The information systems are considered to be related components that work to collect, analyze, and store the information needed for the decision-making process, cooperation, and controlling the organization. There are two elements that the information systems usually focus on, namely the components and the role that they play in the process. It involves technology (data, hardware, and software), people, and processes (Heijden 3). The information systems show how significant data is proving that every element should be connected for the business to succeed.
It should be pointed out that the information systems consist not only of hardware (computers and drives) and software but also include people (programmers, system analysts) (Chaffey and White 13). However, the question may arise about how all the elements contribute to the organization. First of all, it should be stated that the primary goal of the information systems is to gather, organize, analyze, and distribute data; the data should be turned into information and information into knowledge (Hall 10). Due to the technical progress, this system emerged to be the base of any organization. It should be stated that the implementation of the information system will give a competitive advantage to the business. It will be easier for the company to manage the goods flow, analyze the progress, and make the right decisions.
Earlier computers were seen as machines to do calculations. Not every business could afford it. With the invention of the client-server everything changed (Beynon-Davies 21). Software companies invented applications that gave access to data to many users at the same time. Nowadays almost everyone has access to the Internet; the websites are now believed to be interactive (Kim and Solomon 37). Customers have an opportunity to buy goods online; this fact gave a strong push for the business to develop their online websites. However, there is no need to have a lot of travel agencies when everyone has Internet access. That is, some organizations got replaced with the Internet.
Information is an essential element for information generation (Koumpis 39). There are a lot of examples how companies use information systems to achieve success. Among the great variety of organizations, Wal-Mart is considered to be the dominant retailer worldwide. The company invested an enormous amount of money in the IT technology and communication system to track sales in every store. Due to the realization of the Retail Link (decision support system) the Wal-Mart company has a connection with its suppliers, can easily retrieve data on the development of the store, the information concerning inventory, and download the purchase orders. Using decision support systems suppliers can analyze the work of the store and give statistics on the sold products. Furthermore, Wal-Mart offers access to the network to suppliers for them to share thoughts concerning the inventory and work improvement.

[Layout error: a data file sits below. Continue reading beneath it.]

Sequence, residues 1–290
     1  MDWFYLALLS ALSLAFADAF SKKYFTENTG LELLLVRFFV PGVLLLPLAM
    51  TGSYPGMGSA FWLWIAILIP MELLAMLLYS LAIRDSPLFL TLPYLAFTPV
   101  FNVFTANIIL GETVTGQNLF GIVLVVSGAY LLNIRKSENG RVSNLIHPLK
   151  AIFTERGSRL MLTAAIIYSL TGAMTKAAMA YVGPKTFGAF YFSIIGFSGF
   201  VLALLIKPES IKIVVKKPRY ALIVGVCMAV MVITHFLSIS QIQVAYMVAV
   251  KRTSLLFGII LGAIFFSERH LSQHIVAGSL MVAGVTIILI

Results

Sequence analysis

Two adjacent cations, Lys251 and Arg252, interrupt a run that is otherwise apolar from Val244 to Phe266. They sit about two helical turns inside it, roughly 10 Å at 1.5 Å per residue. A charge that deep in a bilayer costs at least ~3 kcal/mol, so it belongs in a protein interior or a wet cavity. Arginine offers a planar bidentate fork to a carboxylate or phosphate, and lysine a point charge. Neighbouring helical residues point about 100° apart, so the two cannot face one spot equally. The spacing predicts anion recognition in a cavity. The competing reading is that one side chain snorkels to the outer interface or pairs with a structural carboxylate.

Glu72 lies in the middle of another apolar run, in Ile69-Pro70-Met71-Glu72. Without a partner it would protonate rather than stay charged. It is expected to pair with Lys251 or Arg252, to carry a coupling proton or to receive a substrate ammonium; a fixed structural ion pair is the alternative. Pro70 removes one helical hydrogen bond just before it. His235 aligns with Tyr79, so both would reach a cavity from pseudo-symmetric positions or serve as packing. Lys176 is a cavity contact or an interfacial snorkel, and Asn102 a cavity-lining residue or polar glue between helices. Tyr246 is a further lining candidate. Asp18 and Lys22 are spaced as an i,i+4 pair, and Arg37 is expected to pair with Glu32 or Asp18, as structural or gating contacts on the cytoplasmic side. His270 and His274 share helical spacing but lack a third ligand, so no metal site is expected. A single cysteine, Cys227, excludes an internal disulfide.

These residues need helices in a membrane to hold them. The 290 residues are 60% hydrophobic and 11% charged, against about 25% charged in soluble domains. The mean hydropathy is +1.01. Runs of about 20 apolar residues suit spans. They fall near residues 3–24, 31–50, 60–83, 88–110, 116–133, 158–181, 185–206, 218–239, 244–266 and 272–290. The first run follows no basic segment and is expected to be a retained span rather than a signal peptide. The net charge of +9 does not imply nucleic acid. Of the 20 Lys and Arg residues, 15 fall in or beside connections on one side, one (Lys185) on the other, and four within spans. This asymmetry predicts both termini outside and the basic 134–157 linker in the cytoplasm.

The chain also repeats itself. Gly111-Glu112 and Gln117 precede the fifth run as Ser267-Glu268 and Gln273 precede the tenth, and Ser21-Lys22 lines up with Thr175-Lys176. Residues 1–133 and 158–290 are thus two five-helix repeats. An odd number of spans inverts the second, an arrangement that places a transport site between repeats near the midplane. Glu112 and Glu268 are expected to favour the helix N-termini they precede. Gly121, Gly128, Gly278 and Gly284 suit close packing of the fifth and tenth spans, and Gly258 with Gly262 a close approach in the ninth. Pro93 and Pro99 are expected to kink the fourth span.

However, being the leading company, Wal-Mart does not stop the optimization of the information systems. The Retailer Link system improves the work of the company and makes it more efficient. The information systems used in Wal-Mart provide up-to-date information concerning all the levels of inventory that helps to run the business more efficiently. The collaborative planning and forecasting allowed sharing sales data concerning the products per Internet on a real-time basis. It served for prolific cooperation between Wal-Mart and suppliers. The implementation of the information systems served for efficiency and cost minimization that contributed to the development of the store significantly.
In conclusion, it should be stated that due to the technical progress people receive new information every day; the business is not an exception. The only way for the company to succeed is to bring all the components together, and information systems are taken to their advantage in this situation.
Beynon-Davies, Paul. Business Information Systems. 2d ed. New York: Palgrave Macmillan, 2013. Print.
Chaffey, Dave, and Gareth White. Business Information Management: Improving Performance Using Information Systems. Upper Saddle River: Prentice Hall, 2011. Print.
Hall, James. Accounting Information Systems. 8th ed. Mason: Cengage Learning, 2012. Print.
Heijden, Johannes Govardus Maria Van Der. Designing Management Information Systems. Oxford: Oxford UP, 2009. Print.
Kim, David, and Michael Solomon. Fundamentals of Information Systems Security. Sudbury: Jones & Bartlett Learning, 2012. Print.
Koumpis, Adamantios. Management Information Systems for Enterprise Applications: Business Issues, Research and Solutions. Hershey: Business Science Reference, 2012. Print.